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The Post and Mail on 10/3/2022 by Rachael Hartman
COLUMBIA CITY — For those who have to go through it, the court system can be one of the most stressful times of their lives, but there is a new member of the Whitley County team that is making it a little easier.
Journey is making a name for herself as a friendly face to staff, probationers and others each day. She is an Australian Labradoodle, and her job is to be a support dog for Whitley County.
Her focus is supporting those who come to court, the victims and for those who take part in probation and work release.
“If they don’t want to be here and they are stressed out, she can sense that and be there for them,” said Amy Motter, probation officer.
Motter was first introduced to the idea of a support dog after attending a conference in French Lick last September. There she met Brody, the support dog for Posey County.
“It was the first I heard of it,” said Motter. Soon after she sat with the chief and found out how Brody was used for Posey County. “I saw how it could work in Whitley County.”
Motter returned home, started doing some research and the work to bring a support dog to Whitley County began.
That work was in partnership with Community Corrections, and discussions began on what specific duties needed to be met for the county.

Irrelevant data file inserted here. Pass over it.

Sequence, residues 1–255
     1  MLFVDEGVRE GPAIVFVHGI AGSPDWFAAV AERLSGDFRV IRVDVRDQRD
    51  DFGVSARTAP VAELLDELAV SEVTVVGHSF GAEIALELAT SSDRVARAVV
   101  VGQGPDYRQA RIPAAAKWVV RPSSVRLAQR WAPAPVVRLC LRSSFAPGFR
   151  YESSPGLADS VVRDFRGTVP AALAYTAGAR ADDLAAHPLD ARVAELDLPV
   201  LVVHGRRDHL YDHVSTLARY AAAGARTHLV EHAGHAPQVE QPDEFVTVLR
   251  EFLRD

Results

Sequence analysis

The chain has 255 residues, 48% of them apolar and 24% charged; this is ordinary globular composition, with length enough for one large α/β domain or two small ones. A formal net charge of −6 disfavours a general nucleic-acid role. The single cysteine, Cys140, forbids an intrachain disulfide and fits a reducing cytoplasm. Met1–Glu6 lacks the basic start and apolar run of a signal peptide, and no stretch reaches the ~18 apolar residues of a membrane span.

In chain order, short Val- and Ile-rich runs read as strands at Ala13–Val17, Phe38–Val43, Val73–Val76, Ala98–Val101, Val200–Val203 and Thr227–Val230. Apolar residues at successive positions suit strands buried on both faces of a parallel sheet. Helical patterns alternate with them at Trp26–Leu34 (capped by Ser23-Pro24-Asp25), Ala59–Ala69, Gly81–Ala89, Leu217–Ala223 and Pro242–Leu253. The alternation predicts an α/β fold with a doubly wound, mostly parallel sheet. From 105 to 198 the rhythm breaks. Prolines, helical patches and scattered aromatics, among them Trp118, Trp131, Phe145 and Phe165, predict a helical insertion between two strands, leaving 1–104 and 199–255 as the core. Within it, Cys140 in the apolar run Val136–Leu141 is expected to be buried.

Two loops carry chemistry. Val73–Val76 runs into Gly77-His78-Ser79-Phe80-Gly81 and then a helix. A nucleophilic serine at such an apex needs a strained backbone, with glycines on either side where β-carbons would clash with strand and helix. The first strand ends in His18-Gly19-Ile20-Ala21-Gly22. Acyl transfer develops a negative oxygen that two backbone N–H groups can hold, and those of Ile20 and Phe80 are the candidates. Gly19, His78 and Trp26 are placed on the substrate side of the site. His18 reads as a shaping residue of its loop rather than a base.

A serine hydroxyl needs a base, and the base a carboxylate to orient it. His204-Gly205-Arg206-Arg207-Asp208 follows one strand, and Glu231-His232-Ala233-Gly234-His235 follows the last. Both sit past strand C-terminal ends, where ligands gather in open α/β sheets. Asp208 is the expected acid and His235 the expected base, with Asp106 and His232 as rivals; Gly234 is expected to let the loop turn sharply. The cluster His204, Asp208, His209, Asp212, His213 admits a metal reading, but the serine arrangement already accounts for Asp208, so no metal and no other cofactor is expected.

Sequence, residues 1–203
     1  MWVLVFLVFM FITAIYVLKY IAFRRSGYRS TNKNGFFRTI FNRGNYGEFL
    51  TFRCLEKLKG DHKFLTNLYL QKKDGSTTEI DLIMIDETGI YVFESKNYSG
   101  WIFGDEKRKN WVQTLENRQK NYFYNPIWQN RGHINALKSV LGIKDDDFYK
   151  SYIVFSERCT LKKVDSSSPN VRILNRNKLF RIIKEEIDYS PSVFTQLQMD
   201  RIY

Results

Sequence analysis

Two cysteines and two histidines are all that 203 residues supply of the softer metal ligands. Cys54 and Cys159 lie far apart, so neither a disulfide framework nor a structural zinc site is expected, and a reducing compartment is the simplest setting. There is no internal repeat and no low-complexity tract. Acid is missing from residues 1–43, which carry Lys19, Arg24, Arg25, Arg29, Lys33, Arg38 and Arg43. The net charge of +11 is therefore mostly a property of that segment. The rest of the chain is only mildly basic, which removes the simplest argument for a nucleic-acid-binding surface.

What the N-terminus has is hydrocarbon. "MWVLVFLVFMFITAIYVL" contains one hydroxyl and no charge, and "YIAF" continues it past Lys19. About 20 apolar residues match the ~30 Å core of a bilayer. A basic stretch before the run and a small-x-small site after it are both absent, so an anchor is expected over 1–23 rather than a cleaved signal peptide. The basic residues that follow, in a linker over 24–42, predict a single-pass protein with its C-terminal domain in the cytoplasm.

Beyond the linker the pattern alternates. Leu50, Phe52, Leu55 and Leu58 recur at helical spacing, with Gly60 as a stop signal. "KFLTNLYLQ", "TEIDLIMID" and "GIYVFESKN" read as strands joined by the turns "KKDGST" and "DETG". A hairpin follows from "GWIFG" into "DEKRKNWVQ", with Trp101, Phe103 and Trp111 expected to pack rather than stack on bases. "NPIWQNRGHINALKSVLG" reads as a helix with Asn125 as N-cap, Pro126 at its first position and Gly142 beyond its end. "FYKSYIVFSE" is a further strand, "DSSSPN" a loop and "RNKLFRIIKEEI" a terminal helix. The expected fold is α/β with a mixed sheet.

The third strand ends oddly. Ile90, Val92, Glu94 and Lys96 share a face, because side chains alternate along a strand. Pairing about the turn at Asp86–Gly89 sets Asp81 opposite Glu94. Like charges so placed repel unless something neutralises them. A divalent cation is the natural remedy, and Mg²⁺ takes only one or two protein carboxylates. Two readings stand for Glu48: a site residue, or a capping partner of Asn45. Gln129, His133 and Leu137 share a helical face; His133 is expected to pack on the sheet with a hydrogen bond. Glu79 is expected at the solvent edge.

It led the team to a search on where to find the right dog. They landed on Colonial Village Labradoodles, located in Sheridan, which was also the same place used by Posey County. There, they not only breed the dogs, but complete the training for them. Having this covered was an important consideration, Motter noted.
“We knew her story and where she came from, and she had to be compatible for everyone and hypoallergenic,” Motter said.
Colonial Village selected Journey, and at eight weeks-old they moved her into their training program. Part of that included a temperament test, seeing how she would react to a number of things including simple commands, evaluating her uplifting nature and more.
“They picked out the dog they thought would be best,” said Motter.
Gaining county support took a few steps. It started with getting the judge’s approval, then taking the request to the advisory board. From there the request was sent to the Whitley County Commissioners.
A big consideration, as with most things, was cost. The prosecutor’s office offered to pay a third of the cost, another third would be covered by probation user fees and grants were sought out to cover the remaining costs.
The search was supported by the Community Foundation of Whitley County. In a heartwarming story shared by Motter, the grant application was due by Dec. 1 of last year. The day before the grant request was submitted, a couple came to the Community Foundation to set up a fund specifically for therapy dogs. The Community Foundation contacted the couple to share what the county was working on, who then wrote another check to support them.
“It was meant to be,” Motter said with a smile.